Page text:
An airtight, durable assembly
On this project, the clients are aiming for net-zero performance, so to minimize thermal bridging, the exterior is skinned with 1-1⁄2 in. of foil-faced polyiso insulation. A layer of 1⁄2-in. Zip System sheathing with taped seams is behind the polyiso. The sheathing is nailed to the framing with 2-1⁄2-in. nails and the foam is secured to the sheathing with 2-1⁄2-in. screws set in Thermal-Grip washers. I like these screws for fastening rigid insulation because their slightly conical washer flattens as the screw is driven. When you use metal roof tins or cheaper washers, the edges tend to curl up, so any furring strips that land on a screw are more difficult to get tight to the sheathing.
We also splurged on the 3⁄4-in. by 3-in. pine furring because it better resists cupping and twisting than less-expensive and more commonly used spruce strapping. The result is flatter siding that’s easier to install. The furring strips are fastened to the studs with 4-1⁄2-in. structural screws. To locate the studs through the polyiso insulation, we station one carpenter inside the house to shout distances from windows, doors, or corners to another carpenter outside the house who marks the stud locations on the foam with a felt-tip marker.
To accommodate the walls’ extra thickness on this house, the window casing has 3⁄4-in.-thick stock applied to the outside perimeter with 2-in. screws. At the tops of windows and doors is a PVC drip cap that’s covered with a secondary aluminum drip cap with hemmed ends. We make the aluminum cap on site with a metal brake.
Details to promote drying
To enable drainage and drying, we install the water table on Cor-A-Vent SV-3 vent strips, which match the thickness of the furring strips. This corrugated plastic vent is sturdy enough to resist crushing when we screw trim over it and it does a good job keeping out pests. We also install Cor-A-Vent at the top of the wall, behind a frieze, which is packed out 1 in. at eaves and rakes (see drawing p. 35). We do this so the siding can be slipped behind the frieze for better water shedding and to conceal the gap left for air circulation. We paint the bottom of the packout material with black spray paint so the gap is as unobtrusive as possible.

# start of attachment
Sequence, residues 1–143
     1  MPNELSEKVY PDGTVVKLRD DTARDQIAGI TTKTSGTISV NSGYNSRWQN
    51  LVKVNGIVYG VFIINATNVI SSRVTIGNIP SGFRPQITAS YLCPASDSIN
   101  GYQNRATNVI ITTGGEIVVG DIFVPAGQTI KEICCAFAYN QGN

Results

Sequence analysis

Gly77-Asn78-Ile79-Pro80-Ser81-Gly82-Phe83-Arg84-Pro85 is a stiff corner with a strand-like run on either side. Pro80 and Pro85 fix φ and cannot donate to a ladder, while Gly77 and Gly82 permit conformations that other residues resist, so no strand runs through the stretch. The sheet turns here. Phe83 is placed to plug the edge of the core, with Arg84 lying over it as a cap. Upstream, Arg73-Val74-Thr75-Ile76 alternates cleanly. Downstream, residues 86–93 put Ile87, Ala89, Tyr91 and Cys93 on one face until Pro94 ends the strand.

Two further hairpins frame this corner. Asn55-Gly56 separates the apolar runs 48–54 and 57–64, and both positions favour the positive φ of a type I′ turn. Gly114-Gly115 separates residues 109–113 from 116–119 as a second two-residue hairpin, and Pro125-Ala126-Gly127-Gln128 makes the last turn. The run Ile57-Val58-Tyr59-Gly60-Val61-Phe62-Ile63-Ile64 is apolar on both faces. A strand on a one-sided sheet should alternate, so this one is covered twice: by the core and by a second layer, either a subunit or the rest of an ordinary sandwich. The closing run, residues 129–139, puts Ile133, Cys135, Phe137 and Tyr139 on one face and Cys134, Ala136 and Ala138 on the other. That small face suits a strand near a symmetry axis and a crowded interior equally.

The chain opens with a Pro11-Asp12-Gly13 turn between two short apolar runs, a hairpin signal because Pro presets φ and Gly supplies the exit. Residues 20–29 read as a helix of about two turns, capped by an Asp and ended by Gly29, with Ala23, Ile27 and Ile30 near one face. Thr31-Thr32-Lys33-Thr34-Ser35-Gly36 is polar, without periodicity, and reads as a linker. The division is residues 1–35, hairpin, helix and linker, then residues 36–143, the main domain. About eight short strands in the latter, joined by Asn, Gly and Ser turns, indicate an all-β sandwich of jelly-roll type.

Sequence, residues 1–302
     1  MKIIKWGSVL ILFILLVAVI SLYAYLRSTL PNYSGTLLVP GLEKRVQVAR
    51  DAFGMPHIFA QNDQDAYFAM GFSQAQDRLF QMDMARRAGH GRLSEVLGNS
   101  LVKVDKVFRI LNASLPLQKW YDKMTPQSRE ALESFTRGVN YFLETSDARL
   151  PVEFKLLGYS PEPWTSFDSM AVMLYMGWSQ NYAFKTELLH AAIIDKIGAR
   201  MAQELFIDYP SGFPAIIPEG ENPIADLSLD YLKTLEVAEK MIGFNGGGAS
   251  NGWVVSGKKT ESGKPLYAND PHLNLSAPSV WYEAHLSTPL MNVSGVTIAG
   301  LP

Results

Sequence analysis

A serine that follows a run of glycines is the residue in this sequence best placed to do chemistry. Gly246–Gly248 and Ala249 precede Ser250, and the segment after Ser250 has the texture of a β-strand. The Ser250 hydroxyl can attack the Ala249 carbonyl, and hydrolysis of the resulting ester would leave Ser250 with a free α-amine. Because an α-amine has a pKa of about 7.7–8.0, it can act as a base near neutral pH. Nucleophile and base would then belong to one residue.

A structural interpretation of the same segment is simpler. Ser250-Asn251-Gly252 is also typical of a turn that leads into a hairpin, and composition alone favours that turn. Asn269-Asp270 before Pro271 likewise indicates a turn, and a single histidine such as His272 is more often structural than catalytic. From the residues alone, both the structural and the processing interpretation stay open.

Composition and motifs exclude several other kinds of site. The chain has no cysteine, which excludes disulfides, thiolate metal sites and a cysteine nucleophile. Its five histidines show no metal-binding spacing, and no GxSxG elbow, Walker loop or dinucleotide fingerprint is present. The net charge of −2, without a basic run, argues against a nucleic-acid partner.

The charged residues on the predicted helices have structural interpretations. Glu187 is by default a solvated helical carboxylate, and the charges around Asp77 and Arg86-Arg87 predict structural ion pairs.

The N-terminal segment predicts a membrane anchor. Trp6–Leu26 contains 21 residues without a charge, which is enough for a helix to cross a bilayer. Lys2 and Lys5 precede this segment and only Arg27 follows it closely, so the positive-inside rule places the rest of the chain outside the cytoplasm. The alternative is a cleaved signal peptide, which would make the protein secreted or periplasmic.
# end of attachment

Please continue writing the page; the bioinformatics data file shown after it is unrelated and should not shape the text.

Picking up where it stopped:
Although some builders don’t bother ventilating above and below windows, we install the Cor-A-Vent at the tops of windows, too. The siding manufacturer requires a gap between the window’s or door’s drip cap and the siding to promote drainage and drying. We exploit that gap to introduce airflow as well. Underneath windows and doors, we use a sill pan that drains on top of the insulation layer. An additional layer of 6-in.-wide 3M All Weather Flashing Tape attached to the sill nosing and lapped over the top edge of the siding prevents wind-driven rain from finding a way in. On top of the flashing we install a PVC apron with a notched back cut so that it follows the siding contours.
Is all of this really necessary?
Builders in other areas of the country may ask, is all this extra work really worth it? In our climate, with our clients, it absolutely is. They expect the best exterior details and are willing to pay for them. When we started our business, we committed to doing the best possible job for our customers, and we won’t work for clients who are unwilling to let us do that.
In recent years, we’ve had the opportunity to work for repeat clients. When we’ve opened up walls that we’ve worked on previously, they’re dry and in good shape, which only reinforces our belief that we’re doing things the right way.